• Solveig Botnen Eide Solveig Botnen Eide is a postdoctoral fellow in ethics at the University of Agder, Norway. Her education is in social work and theology, with a doctorate in ethics. As well as teaching and research, she is interested in ethics with special regards to professional ethics and ethical challenges in the welfare sectors. She is working with a phenomenological approach to moral philosophy, with a new and increased interest for the work of Hannah Arendt. 
  • Jacob Dahl Rendtorff (born 1965) is Associate Professor of Business Ethics at Roskilde University, Denmark. Rendtorff is Head of Studies and Head of Research for the research group on business, leadership and change of his department. Rendtorff has a background in ethics, business ethics, bioethics, political theory and philosophy of law. Rendtorff has written seven books on issues concerning existentialism and hermeneutics, French philosophy, ethics, bioethics and business ethics, philosophy of law and business, and he has been co-author and editor on more than ten other books.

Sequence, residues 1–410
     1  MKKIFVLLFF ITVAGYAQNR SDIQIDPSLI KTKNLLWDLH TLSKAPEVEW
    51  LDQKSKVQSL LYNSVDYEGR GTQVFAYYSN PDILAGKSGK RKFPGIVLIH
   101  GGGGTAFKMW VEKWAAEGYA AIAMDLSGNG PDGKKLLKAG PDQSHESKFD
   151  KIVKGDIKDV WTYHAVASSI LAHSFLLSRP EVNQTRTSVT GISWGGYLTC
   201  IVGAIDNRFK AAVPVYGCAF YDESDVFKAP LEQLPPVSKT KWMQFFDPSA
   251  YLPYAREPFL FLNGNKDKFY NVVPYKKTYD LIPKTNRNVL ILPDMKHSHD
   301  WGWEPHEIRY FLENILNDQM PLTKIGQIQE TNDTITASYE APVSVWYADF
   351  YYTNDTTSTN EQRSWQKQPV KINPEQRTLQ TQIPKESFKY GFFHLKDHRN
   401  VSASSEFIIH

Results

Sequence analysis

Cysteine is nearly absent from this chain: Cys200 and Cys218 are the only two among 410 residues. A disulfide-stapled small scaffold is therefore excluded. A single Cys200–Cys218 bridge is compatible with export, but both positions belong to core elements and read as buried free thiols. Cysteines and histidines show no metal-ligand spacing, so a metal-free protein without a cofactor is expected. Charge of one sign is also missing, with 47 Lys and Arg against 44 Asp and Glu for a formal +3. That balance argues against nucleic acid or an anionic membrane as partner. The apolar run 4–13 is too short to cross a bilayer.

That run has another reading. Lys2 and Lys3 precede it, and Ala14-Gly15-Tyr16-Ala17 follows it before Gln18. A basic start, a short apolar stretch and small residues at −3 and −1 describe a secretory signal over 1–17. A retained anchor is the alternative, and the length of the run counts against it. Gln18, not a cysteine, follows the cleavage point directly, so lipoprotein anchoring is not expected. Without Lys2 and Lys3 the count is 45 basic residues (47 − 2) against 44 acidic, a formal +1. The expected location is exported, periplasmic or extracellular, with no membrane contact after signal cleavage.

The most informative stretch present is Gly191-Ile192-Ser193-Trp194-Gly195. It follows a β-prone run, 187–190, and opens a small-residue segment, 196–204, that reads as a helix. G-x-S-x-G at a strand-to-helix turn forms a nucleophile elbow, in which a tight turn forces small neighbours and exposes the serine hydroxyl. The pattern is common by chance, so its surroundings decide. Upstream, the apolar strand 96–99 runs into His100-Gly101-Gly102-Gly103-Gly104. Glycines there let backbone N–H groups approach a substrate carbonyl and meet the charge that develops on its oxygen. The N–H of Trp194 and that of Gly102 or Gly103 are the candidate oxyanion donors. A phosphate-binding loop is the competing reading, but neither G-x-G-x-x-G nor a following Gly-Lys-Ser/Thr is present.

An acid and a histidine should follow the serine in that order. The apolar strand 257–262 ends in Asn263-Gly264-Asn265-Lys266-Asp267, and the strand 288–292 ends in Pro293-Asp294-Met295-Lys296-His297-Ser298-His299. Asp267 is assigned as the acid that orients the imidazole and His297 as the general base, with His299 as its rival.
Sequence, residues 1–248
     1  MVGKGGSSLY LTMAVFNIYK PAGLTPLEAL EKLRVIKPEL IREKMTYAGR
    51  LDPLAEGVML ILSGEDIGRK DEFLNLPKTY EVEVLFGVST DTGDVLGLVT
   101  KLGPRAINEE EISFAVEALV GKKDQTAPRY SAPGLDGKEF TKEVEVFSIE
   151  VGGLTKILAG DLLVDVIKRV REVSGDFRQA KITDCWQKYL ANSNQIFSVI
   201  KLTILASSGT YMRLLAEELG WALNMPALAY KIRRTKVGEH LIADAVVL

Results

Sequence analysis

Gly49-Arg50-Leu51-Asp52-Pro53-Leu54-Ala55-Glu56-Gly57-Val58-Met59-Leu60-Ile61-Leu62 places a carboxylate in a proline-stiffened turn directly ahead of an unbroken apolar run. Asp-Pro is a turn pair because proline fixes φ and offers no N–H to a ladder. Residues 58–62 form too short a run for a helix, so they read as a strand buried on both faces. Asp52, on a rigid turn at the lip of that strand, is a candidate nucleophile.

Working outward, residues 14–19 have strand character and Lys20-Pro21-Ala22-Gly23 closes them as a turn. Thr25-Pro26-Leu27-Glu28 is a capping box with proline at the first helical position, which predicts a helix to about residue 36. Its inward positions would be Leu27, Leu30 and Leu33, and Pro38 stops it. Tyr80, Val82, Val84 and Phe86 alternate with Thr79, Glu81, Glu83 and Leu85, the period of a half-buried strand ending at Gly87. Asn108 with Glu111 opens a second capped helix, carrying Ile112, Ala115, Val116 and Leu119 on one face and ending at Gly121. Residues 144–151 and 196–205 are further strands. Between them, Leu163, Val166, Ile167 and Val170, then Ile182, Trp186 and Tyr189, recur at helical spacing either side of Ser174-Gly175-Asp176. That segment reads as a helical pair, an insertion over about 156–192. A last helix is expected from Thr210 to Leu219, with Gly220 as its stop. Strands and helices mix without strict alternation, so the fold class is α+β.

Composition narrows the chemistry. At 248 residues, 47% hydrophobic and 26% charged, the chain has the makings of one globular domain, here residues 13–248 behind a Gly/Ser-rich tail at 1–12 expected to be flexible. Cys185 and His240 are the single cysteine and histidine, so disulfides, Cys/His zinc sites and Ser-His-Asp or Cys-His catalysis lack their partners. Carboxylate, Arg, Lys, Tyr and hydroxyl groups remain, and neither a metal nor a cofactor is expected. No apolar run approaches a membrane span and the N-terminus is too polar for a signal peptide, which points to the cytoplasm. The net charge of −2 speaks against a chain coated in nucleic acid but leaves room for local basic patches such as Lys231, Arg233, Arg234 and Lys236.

Hannah Arendt Center 2011-2012 Visiting Scholar in Residence

  • Victor Granado Almena (born 1983) expects to complete his Ph.D in Political and contemporary Philosophy at the Universidad Complutense de Madrid, where he is teaching as Pre-doctoral Fellow. His dissertation, called Out of place: a philosophical reflection about displacement and the displaced people in the global age, turns to Hannah Arendt to develop a new perspective in order to understand better the notion of citizenship in a global age. He is the recipient of a research grant from the Spanish Ministry of Education. With the help of that grant he will  study in a few places other than the Arendt Center during his research: the first, at the Freie Universität Berlin under the direction of Dr. Wolfgang Heuer in 2009, and the second, at the Univertité Paris 7 – Denis Diderot under the direction of Dr. Etienne Tassin in 2010.